• For an unfurnished unit, the deposit cannot exceed 1 month's rent
  • For a furnished unit, the deposit cannot exceed 1.5 month's rent  

When a lease ends, the landlord must return the full security deposit to the tenant within 30 days. Any deductions for damages or unpaid rent must be itemized in writing.

If the landlord fails to return the deposit in full within 30 days, the tenant can take legal action to recover it. Tenants can sue in small claims court for up to $6,000. For larger deposit amounts, hiring an attorney may be necessary. 

Before moving out, tenants should obtain documentation of the original deposit amount and take date-stamped photos showing the condition of the unit. This evidence can support the tenant's case if the landlord improperly withholds any part of the deposit.

Overall, Ohio law provides protections for renters when it comes to security deposits. But tenants should still understand their rights and document relevant details to ensure they get their full deposit back at the end of the lease.

Eviction Rules in Ohio

Ohio landlords must follow proper legal procedures in order to terminate a lease or evict a tenant. They cannot engage in "self-help" eviction tactics such as locking out a tenant or shutting off utilities. 

Instead, the eviction process begins with the landlord providing written notice to the tenant that they are in violation of the lease. Common reasons a landlord may seek to evict a tenant include:

  • Failure to pay rent
  • Damaging the property 
  • Violent or threatening behavior
  • Violating the lease terms

For nonpayment of rent, the landlord must provide a 3-day notice to vacate before filing for eviction. For other lease violations, a longer 30-day notice period is required.

The notice must clearly state the reason for eviction and give the tenant an opportunity to fix the issue. If the tenant fails to comply within the notice period, the landlord can then file for a court-ordered eviction. 

A formal eviction lawsuit must be filed and properly served on the tenant. There will be a court hearing where the tenant can present defenses against the eviction. If the court rules in the landlord's favor, a writ of restitution is issued and law enforcement can forcibly remove the tenant if they refuse to vacate.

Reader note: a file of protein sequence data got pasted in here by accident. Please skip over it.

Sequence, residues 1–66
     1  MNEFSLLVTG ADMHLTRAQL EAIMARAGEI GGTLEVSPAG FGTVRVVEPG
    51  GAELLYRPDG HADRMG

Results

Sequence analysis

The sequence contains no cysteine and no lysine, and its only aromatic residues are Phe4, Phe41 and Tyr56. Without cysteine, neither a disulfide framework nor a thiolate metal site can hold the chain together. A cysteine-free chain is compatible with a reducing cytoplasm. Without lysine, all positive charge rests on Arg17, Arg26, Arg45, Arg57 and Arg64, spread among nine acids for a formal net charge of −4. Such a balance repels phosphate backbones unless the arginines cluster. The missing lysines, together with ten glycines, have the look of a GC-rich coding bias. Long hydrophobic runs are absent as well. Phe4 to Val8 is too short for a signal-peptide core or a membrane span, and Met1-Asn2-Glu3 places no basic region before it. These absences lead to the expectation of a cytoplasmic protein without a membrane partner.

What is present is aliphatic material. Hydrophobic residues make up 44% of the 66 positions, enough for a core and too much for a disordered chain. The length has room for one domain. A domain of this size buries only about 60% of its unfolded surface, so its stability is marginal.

The entire legal eviction process can take weeks or longer. Tenants who receive an eviction notice should seek legal assistance to understand their rights and options. In some cases, evictions can be avoided if violations are remedied.

Fair Housing Standards

The Fair Housing Act and Ohio Civil Rights Act prohibit discrimination in housing based on race, color, religion, sex, familial status, national origin, disability or ancestry. Under fair housing laws, landlords cannot refuse to rent to tenants or treat tenants differently based on their membership in a protected class.

Some examples of unlawful housing discrimination include:

  • Refusing to rent to families with children
  • Charging higher rents or security deposits based on race
  • Denying reasonable accommodations for tenants with disabilities  
  • Harassment or intimidation of tenants due to religion or ethnicity

If a tenant believes they have experienced discrimination by a landlord in Ohio, they can file a complaint with the Ohio Civil Rights Commission. The commission will investigate the allegations and determine if discrimination occurred under state or federal fair housing laws. 

Tenants can also file a federal fair housing complaint with the U.S. Department of Housing and Urban Development (HUD). HUD may assist the tenant in trying to resolve the issue directly with the landlord or initiate an investigation.

Fair housing laws aim to ensure equal access to housing opportunities for all. Landlords have a responsibility to understand anti-discrimination laws and should develop objective, non-discriminatory criteria for tenant selection and housing policies.

Frequently Asked Questions

Is there a cap on rent increases in Ohio?

Ohio does not have a state-mandated cap on rent increases. This means landlords can set rent prices as they see fit, provided they adhere to the terms of the lease agreement and give proper notice before implementing any increases.

Are there rent control laws in Ohio?

Ohio does not have statewide rent control laws. Rent control policies would limit how much rent can be increased and could include regulations on eviction processes, but such policies are not in place at the state level in Ohio.

What is the landlord-tenant law in Ohio 2024?

Ohio's landlord-tenant law regulates rental agreements, including landlord and tenant duties, evictions, and security deposits. For specifics or any 2024 updates, consult the Ohio Revised Code or seek legal advice.